Vacuum Advance Question - Team Camaro Tech
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post #1 of 13 (permalink) Old Sep 13th, 16, 08:02 PM Thread Starter
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Mark
 
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Vacuum Advance Question

Hi Guys - I'm trying to diagnose a surge/miss in my car. When the car is under a light load (high vacuum), it surges and misses. Car idles fine, and runs great otherwise. I suspect the vacuum advance is advancing the timing too much.


Mechanical timing is set at 12 degrees initial, 34 degrees total at around 2800 rpm. I checked the timing while idling with the vacuum advance connected, and it's at 40 degrees at 870 rpm. It'll increase to nearly 60 degrees if I rev the car up to roughly 2500 rpm while in neutral. That seems like a lot. Question - how much advance should the vacuum advance add to the total advance?

69 RS, Hugger orange/black, Deluxe interior, Sony AM/FM/XM/CD, PS & PB. 355, forged pistons, Eagle rods, balanced, Iron Eagles, 9.4:1 CR, .038 quench, XR270HR Cam, Z28 intake, FAST-EZ EFI 2.0, Thorley Tri-Ys, TCI 700R4, 2400 stall, 3.42 posi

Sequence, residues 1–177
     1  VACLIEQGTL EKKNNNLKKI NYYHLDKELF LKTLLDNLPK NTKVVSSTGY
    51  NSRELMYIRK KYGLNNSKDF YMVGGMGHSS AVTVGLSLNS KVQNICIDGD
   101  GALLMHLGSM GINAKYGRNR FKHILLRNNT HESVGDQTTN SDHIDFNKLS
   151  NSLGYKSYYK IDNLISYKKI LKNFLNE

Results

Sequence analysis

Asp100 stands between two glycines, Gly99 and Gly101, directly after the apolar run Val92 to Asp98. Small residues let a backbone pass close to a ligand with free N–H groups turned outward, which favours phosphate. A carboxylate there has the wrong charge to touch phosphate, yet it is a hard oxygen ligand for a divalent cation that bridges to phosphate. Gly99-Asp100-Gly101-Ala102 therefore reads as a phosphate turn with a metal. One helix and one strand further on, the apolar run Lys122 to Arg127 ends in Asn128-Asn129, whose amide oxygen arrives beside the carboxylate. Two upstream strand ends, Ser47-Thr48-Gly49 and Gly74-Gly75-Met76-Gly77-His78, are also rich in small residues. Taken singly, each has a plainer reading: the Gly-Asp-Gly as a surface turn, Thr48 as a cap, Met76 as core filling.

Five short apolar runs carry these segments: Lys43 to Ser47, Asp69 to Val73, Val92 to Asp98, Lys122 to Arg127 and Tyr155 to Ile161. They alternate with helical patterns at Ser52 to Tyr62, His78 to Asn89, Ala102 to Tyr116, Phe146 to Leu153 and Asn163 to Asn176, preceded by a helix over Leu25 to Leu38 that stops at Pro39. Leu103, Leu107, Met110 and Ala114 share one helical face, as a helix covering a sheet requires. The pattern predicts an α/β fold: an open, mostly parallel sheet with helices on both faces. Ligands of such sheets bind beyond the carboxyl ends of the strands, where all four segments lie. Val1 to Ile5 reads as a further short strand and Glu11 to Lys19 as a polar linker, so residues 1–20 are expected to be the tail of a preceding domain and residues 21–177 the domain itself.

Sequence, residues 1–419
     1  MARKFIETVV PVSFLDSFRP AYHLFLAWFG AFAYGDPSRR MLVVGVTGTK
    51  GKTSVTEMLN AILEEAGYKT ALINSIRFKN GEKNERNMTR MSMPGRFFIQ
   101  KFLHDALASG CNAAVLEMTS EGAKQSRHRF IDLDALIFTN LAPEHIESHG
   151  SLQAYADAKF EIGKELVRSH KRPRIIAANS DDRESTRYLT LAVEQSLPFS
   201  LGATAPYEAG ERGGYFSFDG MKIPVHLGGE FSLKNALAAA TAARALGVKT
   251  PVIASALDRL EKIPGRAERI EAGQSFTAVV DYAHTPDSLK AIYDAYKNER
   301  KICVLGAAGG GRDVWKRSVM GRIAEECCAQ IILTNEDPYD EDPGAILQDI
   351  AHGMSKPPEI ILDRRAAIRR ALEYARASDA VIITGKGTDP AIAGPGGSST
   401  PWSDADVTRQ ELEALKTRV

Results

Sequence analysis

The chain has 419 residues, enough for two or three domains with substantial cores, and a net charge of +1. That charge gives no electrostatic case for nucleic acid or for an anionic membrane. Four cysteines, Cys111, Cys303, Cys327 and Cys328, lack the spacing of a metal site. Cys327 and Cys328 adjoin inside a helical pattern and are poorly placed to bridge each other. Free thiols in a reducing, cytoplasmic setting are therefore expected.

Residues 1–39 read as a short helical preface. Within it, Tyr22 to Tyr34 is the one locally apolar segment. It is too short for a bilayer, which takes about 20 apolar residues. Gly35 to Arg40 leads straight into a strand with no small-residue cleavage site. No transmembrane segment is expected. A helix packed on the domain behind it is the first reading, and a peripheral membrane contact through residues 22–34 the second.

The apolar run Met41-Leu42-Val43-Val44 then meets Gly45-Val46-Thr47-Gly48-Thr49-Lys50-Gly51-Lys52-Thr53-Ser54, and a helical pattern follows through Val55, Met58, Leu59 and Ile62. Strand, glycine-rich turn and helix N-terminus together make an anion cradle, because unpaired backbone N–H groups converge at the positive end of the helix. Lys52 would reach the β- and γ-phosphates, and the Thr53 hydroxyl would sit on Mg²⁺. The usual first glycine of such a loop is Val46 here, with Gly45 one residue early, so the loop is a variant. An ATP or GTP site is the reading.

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post #2 of 13 (permalink) Old Sep 13th, 16, 08:33 PM
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Re: Vacuum Advance Question

26-28 degrees of vacuum advance is too much. You need to limit it to about 12. You may want to look up Lars Grimsrud and ask him for his most recent versions of his papers on vacuum advance canisters and timing. He and Henry Olsen also make a limiter plate that keeps your VA can from pulling too much advance. He put one on my distributor when he rebuilt and recurved it and it works great. Before that I had small bushing that I pressed on the end of the VA arm that limited my VA to 12. Too much timing advance will cause detonation, not a good thing.

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post #3 of 13 (permalink) Old Sep 14th, 16, 06:45 AM
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Re: Vacuum Advance Question

I agree with Mike. After reading Lars paper, I set my initial to 14, centrifugal is set at 22 for a total of 36 and the vacuum pulls in about 12 to keep the full advance below 50 for a mostly stock small block.

69 SS, 350/300 h.p., M-20, 12 bolt, matching numbers.


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post #4 of 13 (permalink) Old Sep 14th, 16, 07:47 AM Thread Starter